Location: Gallery FUMI, Second Floor, Hoxton Square, London N1 6NT
Early in 2011, the directors of Gallery Fumi, Valerio Capo and Sam Pratt, were discussing the possibility of putting on a show with the London designer Max Lamb. Lamb, a recent convert to the joys of ceramic, was particularly taken up at the time with the role of the workplace in a maker’s life. His native Cornwall, he explained, had been littered with pottery studios in the mid-twentieth century (and to an extent still is), and one of the best practitioners, Bernard Leach, had used his own studio to create a range of beautiful but utilitarian pieces that he called Standard Ware. Soon, due to Leach’s ability to turn out this work in decent quantities, it appeared in homes all over Britain. And if not the real thing, something very like it did.
What Max Lamb was really thinking about was how designers and artists can fulfill the potential of their own studios, making it into a space of personal expression and self-production – in either quantity or quality or both. Taking Leach’s own coinage of Standard Ware, Lamb suggested that an exhibition, under the heading Studio Ware, would be a very fine exhibition indeed.
Gallery FUMI went on to invite two other studios to join the event. In north London, they spoke to Glithero, who have completed several collaborations with the gallery. Tim Simpson and Sarah van Gameren, who make up Glithero, transform their studio with every project, turning it from a plaster workshop to a papier mache production line, depending on their needs.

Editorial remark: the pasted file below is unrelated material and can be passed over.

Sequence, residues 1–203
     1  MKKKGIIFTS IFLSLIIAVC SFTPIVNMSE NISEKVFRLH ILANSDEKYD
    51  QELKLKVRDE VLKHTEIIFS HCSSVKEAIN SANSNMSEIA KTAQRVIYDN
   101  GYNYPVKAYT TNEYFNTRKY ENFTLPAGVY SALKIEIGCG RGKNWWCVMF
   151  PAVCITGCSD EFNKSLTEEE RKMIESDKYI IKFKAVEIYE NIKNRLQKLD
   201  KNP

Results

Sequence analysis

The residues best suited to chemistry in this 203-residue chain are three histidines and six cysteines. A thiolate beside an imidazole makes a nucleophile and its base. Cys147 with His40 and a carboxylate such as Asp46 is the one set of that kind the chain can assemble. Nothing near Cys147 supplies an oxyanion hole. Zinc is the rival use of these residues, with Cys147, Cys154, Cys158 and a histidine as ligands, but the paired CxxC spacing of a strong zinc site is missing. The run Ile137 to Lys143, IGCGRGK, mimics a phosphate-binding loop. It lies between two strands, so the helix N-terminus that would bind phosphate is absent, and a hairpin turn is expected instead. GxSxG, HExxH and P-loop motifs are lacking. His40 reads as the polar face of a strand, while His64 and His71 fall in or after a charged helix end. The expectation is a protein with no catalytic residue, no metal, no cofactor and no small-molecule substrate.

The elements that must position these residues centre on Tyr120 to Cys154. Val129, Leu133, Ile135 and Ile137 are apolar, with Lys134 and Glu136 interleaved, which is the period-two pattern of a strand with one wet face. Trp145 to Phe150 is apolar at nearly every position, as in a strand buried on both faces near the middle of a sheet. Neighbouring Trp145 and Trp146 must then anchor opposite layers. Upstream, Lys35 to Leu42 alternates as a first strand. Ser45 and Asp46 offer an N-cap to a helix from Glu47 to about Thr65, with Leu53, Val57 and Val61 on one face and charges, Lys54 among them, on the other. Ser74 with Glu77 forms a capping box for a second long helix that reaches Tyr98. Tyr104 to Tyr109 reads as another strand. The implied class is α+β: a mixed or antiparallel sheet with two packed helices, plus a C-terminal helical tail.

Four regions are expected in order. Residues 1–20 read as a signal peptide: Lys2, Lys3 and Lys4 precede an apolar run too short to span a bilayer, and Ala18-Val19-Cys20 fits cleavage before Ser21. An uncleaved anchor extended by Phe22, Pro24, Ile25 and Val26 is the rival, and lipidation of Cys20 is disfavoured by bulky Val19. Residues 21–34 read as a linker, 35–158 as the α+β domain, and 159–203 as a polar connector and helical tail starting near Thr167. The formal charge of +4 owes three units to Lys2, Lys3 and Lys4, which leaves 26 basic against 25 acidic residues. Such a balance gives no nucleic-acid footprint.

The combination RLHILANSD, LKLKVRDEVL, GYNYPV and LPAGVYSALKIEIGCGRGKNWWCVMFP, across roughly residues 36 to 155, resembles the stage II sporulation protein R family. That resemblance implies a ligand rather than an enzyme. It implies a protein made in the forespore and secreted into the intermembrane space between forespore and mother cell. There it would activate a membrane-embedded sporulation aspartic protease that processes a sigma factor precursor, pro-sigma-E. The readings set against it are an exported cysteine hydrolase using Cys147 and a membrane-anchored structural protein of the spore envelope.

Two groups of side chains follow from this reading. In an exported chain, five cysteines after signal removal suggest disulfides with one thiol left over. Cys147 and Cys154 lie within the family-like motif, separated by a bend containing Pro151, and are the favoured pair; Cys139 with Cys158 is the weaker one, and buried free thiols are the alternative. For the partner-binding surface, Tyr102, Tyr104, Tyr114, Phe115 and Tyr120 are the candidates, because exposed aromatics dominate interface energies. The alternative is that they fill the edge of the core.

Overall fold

In Germany, they approached Johannes Nagel, another familiar artist to them, who from a workspace in an apartment building in Halle, creates extraordinary groupings of highly individualistic ceramic pieces. His studio literally frames his practice, which at one point happens to coincide with that of Max Lamb: both use sand moulds to make pieces. Glithero and Lamb, on the other hand, share an unusual ability to take the exploration of individual materials and processes to their absolute limit in the pursuit of exciting design.
Once the show was agreed, the designers retired to their respective spaces to fine tune ideas they had previously considered but never brought to life. Setting the interior of the studio as the limit within which they could work, they have all achieved results that will now go on to have repercussions and respect far outside those four walls.